In today’s world, we see unimaginable acts of violence every day; however, films are always there to act as a gateway to something more.
Through films we are given a reminder of how depraved a world is without any order, which is the case with Robert Rodriguez and Frank Miller’s action-packed sequel, “Sin City: A Dame to Kill For.”
After being summoned by his former lover, Ava Lord (Eva Green), the cunning Dwight McCarthy (Josh Brolin) must help her escape the clutches of her evil husband, Damien. However, he soon finds that there is more to the story than meets the eye.
After the death of detective John Hartigan, Nancy Callahan (Jessica Alba) has become depressed and bitter. Nancy decides to finish things once and for all and kill Senator Roark (Powers Boothe). Nancy soon finds out that she might have unexpected help with this particular mission.
The newcomers to the franchise are Brolin, Green and Joseph Gordon-Levitt. As Dwight, Brolin is as dramatic and stubborn as we love to see him, while Green proves how evil and manipulative she can really be.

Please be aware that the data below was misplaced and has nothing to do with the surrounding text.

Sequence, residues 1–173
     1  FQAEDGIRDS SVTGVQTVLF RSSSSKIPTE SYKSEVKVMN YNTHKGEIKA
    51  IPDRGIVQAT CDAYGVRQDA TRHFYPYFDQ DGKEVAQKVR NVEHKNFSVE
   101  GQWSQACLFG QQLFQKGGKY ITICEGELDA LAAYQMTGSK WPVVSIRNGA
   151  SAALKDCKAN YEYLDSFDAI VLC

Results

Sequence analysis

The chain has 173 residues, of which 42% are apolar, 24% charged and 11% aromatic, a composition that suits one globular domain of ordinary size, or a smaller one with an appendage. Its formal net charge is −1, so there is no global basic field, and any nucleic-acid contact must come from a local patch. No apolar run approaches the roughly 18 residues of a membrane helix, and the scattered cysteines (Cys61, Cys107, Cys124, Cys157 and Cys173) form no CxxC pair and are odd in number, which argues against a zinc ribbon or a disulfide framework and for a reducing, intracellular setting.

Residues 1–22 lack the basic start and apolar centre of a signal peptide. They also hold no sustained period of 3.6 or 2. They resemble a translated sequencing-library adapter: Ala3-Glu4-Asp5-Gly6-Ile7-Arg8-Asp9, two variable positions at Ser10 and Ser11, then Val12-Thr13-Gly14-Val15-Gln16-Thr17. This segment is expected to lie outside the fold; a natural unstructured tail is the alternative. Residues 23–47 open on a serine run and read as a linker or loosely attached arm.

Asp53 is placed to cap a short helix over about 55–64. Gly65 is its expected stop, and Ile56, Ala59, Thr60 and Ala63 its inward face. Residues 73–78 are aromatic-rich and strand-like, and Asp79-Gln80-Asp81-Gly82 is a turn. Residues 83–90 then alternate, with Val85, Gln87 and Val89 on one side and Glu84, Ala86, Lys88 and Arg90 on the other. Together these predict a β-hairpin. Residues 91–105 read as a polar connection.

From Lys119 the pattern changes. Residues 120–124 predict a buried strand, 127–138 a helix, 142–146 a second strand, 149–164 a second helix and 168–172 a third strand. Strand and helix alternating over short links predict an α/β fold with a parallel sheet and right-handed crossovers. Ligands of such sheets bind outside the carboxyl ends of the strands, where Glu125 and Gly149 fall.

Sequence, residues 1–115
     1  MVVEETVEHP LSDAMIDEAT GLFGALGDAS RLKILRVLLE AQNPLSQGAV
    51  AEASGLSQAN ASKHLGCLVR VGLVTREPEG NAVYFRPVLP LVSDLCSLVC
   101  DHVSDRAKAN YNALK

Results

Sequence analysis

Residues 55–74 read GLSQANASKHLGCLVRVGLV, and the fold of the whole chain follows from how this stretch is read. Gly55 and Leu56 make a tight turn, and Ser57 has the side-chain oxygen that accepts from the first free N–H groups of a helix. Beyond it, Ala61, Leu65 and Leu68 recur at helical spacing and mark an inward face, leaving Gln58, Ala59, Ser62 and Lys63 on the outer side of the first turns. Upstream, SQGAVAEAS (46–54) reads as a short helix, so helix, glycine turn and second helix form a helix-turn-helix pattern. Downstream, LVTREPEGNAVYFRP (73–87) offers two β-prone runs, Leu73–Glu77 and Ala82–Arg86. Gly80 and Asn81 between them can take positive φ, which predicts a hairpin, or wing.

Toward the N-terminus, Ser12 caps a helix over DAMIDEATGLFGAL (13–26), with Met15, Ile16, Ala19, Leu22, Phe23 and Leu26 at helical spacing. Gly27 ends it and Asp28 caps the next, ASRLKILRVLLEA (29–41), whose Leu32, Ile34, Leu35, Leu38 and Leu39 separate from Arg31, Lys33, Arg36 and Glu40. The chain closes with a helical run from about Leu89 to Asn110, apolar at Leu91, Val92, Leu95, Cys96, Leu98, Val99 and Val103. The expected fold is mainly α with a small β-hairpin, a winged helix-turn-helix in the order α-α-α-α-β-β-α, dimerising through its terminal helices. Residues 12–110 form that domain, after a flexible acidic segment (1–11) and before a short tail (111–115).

On the other hand, she is also beautiful and sultry. Green, who is definitely not afraid to show certain parts of herself on the big screen, embraces a brave motif of a film noir starlet.
This particular role had huge A-list celebrities such as Angelina Jolie and Anne Hathaway attached to it once upon a time.
Gordon-Levitt keeps getting better and better as an actor. In this film, I can’t help but see a glimmer of a young Marlon Brando.
Although newcomers Brolin, Green and Gorden-Levitt shone bright, much of the returning cast left something to be desired. Rourke’s character is just as violent as in the first film, nothing new. Willis is distant even for a guiding spirit to Alba’s Nancy.
The film’s supporting cast is underutilized for a film like this. The main part of the film I have an issue with is the conclusion: it was unsatisfying for a film of its stature.
I recommend seeing the film in 3D, you will not regret it. Sin City is mesmerizing, especially when it comes to scenes with Green’s Ava Lord.
The sequel definitely delivers on expanding the city from the first film. My hat is off to Miller; adapt his own award-winning novel to a film version is not an easy task.
My sincerest hope is that we do not have to wait another decade for the third Sin City.
With lots of gruesome action and sensual visuals, “Sin City: A Dame to Kill For” has a lot of promise.
Yes, it has its faults like most movies, but in a summer chalked full of comic book movies, this movie is far from the worst of them.
Story by John Gruccio, Contributing writer